Anti-Maskers in Indonesia Are Forced to Dig Graves for People Who Died From COVID-19

Residents who refused to wear masks were ordered to dig graves for COVID-19 victims in East Java, Indonesia.

The punishment, which reduced the workload of actual gravediggers, took place at the public cemetery in Ngabetan, a rural village in Cerme district, Gresik regency last Wednesday.

 

A total of eight residents were forced to work in pairs for each grave. One was assigned to do the digging, while the other was tasked to lay wooden boards to support the corpse.

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“There are only three available gravediggers at the moment, so I thought I might as well put these people to work with them,” said Cerme district head Suyono, according to Tribun News. “Hopefully this can create a deterrent effect against violations.”

Some anti-maskers. Image Screenshot via SURYAtv / Tribun Network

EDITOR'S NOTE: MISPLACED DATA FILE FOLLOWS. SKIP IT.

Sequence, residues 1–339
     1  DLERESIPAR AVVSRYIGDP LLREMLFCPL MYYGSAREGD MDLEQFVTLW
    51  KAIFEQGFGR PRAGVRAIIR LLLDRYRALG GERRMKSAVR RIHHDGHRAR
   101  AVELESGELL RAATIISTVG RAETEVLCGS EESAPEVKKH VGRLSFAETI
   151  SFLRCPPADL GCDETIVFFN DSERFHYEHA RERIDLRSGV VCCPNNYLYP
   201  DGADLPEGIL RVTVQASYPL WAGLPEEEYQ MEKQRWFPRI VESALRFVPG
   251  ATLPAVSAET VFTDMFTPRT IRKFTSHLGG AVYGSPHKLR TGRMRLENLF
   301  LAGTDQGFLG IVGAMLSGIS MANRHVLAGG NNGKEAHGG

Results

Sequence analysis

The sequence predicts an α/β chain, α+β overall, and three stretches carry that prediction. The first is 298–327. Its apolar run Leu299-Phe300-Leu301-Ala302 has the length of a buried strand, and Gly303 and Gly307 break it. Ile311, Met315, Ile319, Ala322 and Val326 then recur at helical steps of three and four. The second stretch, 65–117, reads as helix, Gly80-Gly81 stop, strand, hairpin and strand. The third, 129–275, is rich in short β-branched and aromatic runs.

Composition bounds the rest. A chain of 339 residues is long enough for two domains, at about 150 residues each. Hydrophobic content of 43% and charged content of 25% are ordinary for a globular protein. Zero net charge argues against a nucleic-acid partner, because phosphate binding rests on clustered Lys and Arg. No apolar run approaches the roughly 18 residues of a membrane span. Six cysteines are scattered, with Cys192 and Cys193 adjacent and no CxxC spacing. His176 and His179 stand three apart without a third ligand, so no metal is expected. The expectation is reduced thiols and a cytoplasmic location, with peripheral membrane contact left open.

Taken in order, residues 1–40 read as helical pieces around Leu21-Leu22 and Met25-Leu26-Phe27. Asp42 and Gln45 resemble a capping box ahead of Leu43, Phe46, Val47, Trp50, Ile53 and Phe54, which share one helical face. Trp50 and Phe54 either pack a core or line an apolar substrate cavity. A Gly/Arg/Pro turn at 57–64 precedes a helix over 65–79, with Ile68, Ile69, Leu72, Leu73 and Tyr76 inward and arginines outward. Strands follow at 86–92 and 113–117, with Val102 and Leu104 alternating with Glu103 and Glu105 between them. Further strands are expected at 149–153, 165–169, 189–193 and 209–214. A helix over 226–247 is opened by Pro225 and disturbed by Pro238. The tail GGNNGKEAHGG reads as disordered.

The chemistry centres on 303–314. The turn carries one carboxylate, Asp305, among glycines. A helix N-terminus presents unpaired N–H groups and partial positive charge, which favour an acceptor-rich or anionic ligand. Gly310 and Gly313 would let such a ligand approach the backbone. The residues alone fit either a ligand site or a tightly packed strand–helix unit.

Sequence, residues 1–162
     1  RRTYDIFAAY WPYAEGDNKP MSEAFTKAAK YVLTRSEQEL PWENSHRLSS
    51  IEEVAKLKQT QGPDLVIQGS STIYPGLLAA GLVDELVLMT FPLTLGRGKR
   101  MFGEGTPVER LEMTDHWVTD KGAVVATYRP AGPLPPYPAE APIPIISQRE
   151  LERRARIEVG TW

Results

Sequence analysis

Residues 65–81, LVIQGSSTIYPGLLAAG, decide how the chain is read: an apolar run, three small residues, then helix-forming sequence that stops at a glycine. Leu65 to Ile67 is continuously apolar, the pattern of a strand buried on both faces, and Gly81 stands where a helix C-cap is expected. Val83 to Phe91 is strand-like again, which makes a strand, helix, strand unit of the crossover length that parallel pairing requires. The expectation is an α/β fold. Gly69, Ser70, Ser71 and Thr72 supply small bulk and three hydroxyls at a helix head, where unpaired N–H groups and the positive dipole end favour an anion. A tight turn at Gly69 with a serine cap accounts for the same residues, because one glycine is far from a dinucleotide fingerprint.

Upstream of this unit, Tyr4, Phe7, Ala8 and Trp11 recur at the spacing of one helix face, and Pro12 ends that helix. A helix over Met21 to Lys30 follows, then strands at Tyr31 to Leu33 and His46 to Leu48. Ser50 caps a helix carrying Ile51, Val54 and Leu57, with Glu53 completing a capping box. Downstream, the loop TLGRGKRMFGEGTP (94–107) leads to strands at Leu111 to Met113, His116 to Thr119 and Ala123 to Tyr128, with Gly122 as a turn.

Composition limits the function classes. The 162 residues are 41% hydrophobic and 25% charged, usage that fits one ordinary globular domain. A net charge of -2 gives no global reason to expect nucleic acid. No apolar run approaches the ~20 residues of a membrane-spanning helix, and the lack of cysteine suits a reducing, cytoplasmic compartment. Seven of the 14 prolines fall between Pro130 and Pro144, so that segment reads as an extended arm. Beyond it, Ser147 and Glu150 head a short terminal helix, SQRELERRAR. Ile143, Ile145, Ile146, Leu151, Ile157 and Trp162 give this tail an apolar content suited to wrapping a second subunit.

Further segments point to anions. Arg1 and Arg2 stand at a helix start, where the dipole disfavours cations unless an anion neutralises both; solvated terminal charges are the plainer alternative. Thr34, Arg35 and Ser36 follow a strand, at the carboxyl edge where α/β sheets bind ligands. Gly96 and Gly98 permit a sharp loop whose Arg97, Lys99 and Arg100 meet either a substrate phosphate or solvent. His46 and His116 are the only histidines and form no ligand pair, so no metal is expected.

All eight residents were reportedly caught without masks in public. Under Regent Law No. 22/2020, residents who violate COVID-19 safety protocols can be fined or punished with community service, according to The Jakarta Post.

However, the violators were only directed to prepare the graves. They were never in contact with corpses, which health officials handle using full-body protective equipment.

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Anti-maskers dig graves for COVID-19 victims. Image Screenshot via SURYAtv / Tribun Network

On Tuesday, Indonesia reported 3,507 new cases of COVID-19, bringing its total tally to 225,030, according to Reuters. Meanwhile, the number of deaths increased by 124 to 8,965, the highest in Southeast Asia.

A day earlier, Jakarta returned to quarantine measures after recording its highest one-day rise of coronavirus cases. This requires all infected persons to isolate themselves at official facilities, according to Jakarta Globe.

Feature Image Screenshots via SURYAtv / Tribun Network

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